New Elegant Extracts: A Unique Selection from the Most Eminent British Poets and Poetical Translators, Volum 3

Forside
Richard Alfred Davenport
C. and C. Whittingham, 1823
 

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Side 315 - Coral is far more red than her lips' red: If snow be white, why then her breasts are dun; If hairs be wires, black wires grow on her head. I have seen roses damask'd, red and white, But no such roses see I in her cheeks; And in some perfumes is there more delight Than in the breath that from my mistress reeks. I love to hear her speak, yet well I know That music hath a far more pleasing sound: I grant I never saw a goddess go; My mistress, when...
Side 313 - Since there's no help, come, let us kiss and part! Nay, I have done. You get no more of me! And I am glad, yea, glad with all my heart, That thus so cleanly I myself can free. Shake hands for ever! Cancel all our vows! And when we meet at any time again, Be it not seen in either of our brows That we one jot of former love retain.
Side 327 - Purification in the old law did save, And such, as yet once more I trust to have Full sight of her in Heaven without restraint, Came vested all in white, pure as her mind. Her face was...
Side 330 - Phoebus lifts his golden fire: The birds in vain their amorous descant join, Or cheerful fields resume their green attire: These ears alas! for other notes repine; A different object do these eyes require; My lonely anguish melts no heart but mine; And in my breast the imperfect joys expire; Yet Morning smiles the busy race to cheer, And new-born pleasure brings to happier men; The fields to all their wonted tribute bear; To warm their little loves the birds complain. I fruitless mourn to him that...
Side 314 - When to the sessions of sweet silent thought I summon up remembrance of things past, I sigh the lack of many a thing I sought, And with old woes new wail my dear time's waste...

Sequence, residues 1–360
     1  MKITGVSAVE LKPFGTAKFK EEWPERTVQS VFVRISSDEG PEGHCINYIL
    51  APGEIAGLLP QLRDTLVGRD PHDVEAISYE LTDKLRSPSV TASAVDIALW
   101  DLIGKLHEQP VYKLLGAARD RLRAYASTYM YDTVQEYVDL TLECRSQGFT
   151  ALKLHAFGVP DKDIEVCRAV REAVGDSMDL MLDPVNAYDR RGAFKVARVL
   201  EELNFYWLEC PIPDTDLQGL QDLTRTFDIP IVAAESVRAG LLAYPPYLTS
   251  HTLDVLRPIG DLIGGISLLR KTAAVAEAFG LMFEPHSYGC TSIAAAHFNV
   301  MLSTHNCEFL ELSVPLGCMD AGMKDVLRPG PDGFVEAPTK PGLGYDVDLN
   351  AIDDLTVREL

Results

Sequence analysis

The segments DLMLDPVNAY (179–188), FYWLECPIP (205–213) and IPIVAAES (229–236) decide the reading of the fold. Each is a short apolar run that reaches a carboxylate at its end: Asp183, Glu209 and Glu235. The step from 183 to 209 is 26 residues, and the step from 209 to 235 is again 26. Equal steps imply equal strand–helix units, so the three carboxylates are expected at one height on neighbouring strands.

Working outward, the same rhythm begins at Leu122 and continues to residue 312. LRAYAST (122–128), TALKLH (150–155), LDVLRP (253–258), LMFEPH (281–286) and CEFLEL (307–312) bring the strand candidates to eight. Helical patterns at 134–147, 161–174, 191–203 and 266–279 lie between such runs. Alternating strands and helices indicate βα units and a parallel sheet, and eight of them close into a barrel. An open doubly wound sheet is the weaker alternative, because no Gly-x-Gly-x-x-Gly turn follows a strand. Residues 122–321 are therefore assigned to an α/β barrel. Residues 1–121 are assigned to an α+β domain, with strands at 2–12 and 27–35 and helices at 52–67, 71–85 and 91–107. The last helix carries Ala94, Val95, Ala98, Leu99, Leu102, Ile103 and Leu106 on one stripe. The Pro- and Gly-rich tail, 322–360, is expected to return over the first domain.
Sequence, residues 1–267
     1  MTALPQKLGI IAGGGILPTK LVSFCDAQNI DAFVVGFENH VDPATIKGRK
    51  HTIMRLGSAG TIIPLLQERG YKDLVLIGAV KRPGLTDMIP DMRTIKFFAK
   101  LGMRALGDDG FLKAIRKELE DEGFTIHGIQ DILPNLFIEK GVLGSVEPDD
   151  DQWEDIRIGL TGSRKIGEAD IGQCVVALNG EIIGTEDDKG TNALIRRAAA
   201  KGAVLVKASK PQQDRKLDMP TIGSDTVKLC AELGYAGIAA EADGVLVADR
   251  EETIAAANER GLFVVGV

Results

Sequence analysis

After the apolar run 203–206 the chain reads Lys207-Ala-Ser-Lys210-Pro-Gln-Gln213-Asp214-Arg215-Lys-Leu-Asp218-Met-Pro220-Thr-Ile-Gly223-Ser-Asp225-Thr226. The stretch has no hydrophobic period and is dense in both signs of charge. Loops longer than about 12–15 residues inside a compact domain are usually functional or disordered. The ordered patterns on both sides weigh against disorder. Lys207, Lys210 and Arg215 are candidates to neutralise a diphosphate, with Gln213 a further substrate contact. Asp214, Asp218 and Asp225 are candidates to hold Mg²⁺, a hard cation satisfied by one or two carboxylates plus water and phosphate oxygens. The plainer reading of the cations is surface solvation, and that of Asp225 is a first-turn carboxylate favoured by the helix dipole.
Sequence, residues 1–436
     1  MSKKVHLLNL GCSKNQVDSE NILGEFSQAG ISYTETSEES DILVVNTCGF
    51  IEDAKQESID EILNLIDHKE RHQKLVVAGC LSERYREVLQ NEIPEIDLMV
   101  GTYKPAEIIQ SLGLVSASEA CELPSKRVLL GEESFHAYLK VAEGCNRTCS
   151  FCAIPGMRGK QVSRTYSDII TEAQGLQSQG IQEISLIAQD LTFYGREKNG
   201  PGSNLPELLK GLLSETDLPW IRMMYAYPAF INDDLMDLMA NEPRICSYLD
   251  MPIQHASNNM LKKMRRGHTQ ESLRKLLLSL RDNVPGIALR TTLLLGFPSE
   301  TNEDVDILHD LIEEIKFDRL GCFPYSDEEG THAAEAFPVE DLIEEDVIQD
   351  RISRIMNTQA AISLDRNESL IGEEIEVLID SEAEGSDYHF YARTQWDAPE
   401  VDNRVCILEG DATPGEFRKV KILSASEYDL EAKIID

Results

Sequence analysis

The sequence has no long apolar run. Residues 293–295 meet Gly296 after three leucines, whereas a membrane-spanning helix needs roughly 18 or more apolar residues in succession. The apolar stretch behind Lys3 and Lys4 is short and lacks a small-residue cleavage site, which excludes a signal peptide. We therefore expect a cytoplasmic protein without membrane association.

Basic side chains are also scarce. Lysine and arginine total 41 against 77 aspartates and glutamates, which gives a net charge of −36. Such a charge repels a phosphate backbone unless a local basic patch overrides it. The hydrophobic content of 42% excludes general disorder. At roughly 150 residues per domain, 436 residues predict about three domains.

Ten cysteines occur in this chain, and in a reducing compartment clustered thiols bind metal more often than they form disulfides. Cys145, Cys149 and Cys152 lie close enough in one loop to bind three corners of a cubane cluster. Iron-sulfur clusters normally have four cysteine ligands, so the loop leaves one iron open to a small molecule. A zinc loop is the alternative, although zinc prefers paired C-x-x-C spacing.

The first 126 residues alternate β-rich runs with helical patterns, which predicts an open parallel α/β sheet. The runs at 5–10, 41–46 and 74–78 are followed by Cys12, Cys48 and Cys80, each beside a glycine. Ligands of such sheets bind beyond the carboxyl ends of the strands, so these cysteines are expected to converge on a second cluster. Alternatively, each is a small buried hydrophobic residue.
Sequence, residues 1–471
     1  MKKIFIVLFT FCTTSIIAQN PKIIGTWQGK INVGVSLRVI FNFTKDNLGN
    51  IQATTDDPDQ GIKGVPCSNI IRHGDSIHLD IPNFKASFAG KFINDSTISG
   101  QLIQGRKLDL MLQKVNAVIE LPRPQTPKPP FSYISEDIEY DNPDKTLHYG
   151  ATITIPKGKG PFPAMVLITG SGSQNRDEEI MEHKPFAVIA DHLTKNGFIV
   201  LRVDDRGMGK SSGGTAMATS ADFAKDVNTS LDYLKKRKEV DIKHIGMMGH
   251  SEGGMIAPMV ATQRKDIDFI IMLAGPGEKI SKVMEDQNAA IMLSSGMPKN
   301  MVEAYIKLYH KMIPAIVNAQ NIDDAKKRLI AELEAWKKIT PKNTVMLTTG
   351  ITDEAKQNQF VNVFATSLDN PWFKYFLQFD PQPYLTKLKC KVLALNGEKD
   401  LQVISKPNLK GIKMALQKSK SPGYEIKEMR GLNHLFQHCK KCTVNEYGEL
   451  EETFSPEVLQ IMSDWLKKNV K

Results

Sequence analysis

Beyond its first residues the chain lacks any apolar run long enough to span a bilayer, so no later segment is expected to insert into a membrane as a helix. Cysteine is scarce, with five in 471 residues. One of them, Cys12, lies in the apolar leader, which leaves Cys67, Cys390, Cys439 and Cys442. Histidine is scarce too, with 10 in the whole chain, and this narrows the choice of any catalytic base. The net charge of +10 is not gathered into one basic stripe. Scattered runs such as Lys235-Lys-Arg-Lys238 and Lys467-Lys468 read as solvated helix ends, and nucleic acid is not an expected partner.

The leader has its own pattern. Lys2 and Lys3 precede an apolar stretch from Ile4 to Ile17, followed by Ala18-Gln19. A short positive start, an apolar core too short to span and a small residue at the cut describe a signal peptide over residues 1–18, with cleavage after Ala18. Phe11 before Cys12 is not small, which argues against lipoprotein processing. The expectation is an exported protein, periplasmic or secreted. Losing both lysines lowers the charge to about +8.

Side 313 - ... no help, come let us kiss and part, — Nay I have done, you get no more of me; And I am glad, yea glad with all my heart, That thus so cleanly I myself can free; Shake hands for ever, cancel all our vows, And when we meet at any time again, Be it not seen in either of our brows That we one jot of former love retain. Now at the last gasp of love's latest breath, When his pulse failing, passion speechless lies, When faith is kneeling by his bed of death, And innocence is closing up his eyes, —...
Side 330 - In vain to me the smiling mornings shine, And reddening Phoebus lifts his golden fire : The birds in vain their amorous descant join, Or cheerful fields resume their green attire. These ears, alas ! for other notes repine ; A different object do these eyes require ; My lonely anguish melts no heart but mine ; And in my breast the imperfect joys expire...
Side 16 - Woods ! that listen to the night-birds singing, Midway the smooth and perilous slope reclined, Save when your own imperious branches swinging, Have made a solemn music of the wind ! Where, like a man beloved of God, Through glooms, which never woodman trod...
Side 74 - Now air is hushed, save where the weak-eyed bat, With short, shrill shriek, flits by on leathern wing; Or where the beetle winds His small but sullen horn...
Side 308 - The turtle to her mate hath told her tale. Summer is come, for every spray now springs: The hart hath hung his old head on the pale; The buck in brake his winter coat he flings ; The fishes flete with new repaired scale.

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